The Gentleman's Magazine, Volume 8
F. Jeffries, 1738 - Great Britain
The "Gentleman's magazine" section is a digest of selections from the weekly press; the "(Trader's) monthly intelligencer" section consists of news (foreign and domestic), vital statistics, a register of the month's new publications, and a calendar of forthcoming trade fairs.
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Page 126 - And they took counsel, and bought with them the potter's field to bury strangers in. Wherefore that field was called, The field of blood, unto this day. (Then was fulfilled that which was spoken by Jeremy the prophet, saying, And they took the thirty pieces of silver, the price of him that was valued, whom they of the children of Israel did value, and gave them for the potter's field, as the LORD appointed me...
Page 43 - Whofe birth has made a parifh glad, Forbid, for fear of fenfe, to roam ; And taught by kind mamma at home ; Who gives him many a well-try'd rule, With ways and means — to play the fool, In fenfe the fame, in ftature higher, He...
Page 433 - The British spirit, generous, warm, and brave, So frequent wont from tyranny and woe To free the suppliant nations? Where, indeed! If that protection, once to strangers given, Be now withheld from sons ? Each nobler thought.
Page 275 - Sure the most bitter is a scornful jest ; Fate never wounds more deep the gen'rous heart, Than when a blockhead's insult points the dart.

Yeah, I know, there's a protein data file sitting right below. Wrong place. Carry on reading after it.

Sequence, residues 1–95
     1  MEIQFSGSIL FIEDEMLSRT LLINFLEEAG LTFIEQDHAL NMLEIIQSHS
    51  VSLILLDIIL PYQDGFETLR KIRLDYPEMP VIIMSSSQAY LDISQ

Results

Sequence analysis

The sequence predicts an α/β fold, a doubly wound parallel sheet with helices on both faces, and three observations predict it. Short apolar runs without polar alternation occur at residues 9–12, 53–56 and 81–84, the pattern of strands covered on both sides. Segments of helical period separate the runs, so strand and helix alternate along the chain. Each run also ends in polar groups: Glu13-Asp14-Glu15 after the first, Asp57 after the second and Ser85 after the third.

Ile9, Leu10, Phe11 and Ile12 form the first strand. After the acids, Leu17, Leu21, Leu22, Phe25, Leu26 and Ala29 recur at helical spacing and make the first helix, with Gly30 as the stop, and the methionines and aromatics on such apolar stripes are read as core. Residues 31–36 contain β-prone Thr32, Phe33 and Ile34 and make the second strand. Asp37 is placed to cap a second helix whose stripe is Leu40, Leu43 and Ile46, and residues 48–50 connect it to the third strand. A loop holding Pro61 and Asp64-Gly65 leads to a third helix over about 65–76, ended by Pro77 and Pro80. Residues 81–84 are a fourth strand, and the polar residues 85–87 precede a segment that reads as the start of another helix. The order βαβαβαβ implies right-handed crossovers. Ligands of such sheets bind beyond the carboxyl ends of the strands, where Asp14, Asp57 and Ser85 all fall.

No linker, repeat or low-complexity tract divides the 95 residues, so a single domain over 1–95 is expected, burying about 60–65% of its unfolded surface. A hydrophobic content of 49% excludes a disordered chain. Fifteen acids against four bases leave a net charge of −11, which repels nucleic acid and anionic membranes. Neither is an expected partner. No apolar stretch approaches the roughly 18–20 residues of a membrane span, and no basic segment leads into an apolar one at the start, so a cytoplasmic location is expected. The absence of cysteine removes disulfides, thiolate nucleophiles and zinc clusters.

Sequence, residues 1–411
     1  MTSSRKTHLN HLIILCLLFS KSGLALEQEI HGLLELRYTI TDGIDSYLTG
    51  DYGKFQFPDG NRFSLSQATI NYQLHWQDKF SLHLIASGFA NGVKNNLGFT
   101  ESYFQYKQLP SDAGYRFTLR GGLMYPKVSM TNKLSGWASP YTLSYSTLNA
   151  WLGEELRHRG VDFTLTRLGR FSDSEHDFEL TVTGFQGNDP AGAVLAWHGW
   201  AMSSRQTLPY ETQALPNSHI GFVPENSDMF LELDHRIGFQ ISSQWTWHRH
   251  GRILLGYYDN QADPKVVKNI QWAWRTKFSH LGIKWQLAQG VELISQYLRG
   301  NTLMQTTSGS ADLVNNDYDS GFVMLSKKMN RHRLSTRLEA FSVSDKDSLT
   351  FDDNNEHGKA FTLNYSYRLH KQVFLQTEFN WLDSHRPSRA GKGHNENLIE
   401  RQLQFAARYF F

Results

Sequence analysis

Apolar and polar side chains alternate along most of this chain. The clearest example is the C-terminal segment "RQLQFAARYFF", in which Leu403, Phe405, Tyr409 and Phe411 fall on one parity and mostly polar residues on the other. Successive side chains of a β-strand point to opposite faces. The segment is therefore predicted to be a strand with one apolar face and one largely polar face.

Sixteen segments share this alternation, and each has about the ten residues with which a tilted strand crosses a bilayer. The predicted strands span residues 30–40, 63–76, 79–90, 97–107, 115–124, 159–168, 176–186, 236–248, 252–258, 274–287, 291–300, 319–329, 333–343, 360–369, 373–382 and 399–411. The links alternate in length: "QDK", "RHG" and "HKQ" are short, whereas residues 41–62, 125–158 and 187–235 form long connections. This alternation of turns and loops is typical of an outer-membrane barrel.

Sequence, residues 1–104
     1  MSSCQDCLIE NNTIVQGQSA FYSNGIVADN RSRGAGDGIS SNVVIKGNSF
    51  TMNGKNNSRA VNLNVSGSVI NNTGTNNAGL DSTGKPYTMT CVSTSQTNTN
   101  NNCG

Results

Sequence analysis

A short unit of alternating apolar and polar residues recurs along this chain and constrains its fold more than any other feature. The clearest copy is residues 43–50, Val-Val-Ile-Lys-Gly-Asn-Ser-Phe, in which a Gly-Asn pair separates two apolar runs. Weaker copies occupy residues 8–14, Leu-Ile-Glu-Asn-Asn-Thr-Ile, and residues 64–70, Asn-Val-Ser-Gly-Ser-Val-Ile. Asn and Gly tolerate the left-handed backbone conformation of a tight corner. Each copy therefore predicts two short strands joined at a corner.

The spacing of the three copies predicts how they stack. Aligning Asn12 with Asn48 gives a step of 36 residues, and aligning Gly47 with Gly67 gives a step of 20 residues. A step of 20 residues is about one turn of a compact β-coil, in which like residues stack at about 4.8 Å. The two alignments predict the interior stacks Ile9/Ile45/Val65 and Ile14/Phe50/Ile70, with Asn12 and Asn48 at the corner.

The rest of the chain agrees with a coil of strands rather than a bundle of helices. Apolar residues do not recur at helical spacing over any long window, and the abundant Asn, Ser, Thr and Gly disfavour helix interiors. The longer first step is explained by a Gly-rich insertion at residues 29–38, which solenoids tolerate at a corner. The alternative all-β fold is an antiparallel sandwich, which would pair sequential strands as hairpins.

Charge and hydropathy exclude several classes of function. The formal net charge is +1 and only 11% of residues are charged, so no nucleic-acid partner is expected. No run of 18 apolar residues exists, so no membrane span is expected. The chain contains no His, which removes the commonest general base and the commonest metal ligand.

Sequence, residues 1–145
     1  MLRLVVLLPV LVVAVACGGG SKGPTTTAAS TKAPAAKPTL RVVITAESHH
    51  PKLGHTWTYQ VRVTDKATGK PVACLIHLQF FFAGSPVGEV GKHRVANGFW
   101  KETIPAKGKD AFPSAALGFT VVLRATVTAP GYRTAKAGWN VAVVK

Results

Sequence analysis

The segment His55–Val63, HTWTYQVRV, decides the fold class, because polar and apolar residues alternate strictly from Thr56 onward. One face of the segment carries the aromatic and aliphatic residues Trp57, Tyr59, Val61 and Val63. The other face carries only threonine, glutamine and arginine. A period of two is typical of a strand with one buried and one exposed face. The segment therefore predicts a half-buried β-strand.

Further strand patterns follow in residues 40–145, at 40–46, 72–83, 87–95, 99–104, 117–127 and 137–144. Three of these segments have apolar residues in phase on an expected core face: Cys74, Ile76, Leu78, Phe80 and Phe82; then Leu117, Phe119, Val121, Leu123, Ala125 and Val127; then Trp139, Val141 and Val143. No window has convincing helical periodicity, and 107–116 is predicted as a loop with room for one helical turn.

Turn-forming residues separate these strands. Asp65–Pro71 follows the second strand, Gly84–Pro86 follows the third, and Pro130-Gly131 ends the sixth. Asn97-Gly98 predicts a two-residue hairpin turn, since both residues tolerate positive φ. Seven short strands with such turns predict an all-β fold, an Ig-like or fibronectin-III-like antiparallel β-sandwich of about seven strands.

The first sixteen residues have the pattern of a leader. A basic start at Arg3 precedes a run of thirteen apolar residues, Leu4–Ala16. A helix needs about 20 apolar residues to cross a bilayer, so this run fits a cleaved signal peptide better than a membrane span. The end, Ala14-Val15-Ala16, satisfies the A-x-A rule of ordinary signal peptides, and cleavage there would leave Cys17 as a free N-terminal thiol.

Page 275 - Here let those reign, whom pensions can incite To vote a patriot black, a courtier white ; Explain their country's dear-bought rights away, And plead for pirates in the face of day ; With slavish tenets taint our poison'd youth, And lend a lie the confidence of truth, Let such raise palaces, and manors buy, Collect a tax, or farm a lottery ; With warbling eunuchs fill a licensed stage, And lull to servitude a thoughtless age.
Page 38 - Men who injure and oppress the people under their administration provoke them to cry out and complain; and then make that very complaint the foundation for new oppressions and prosecutions.
Page 603 - And hide from them the only face, They can behold with love? To shun her scorn, and ease my care, I seek a nymph more kind, And while I rove from fair to fair, Still gentler usage find. But oh! how faint is every joy, Where Nature has no part! New beauties may my eyes employ, But you engage my heart.
Page 434 - Call yourfelves Britons, to that difmal gloom, That dungeon dark and deep, where never thought Of joy or peace can enter ; fee the gates Harfh-creaking open ; what an hideous void, Dark as the yawning grave ! while, ftill as death A frightful filence reigns : There on the ground Behold your brethren chain'd like beafts of prey : There mark your...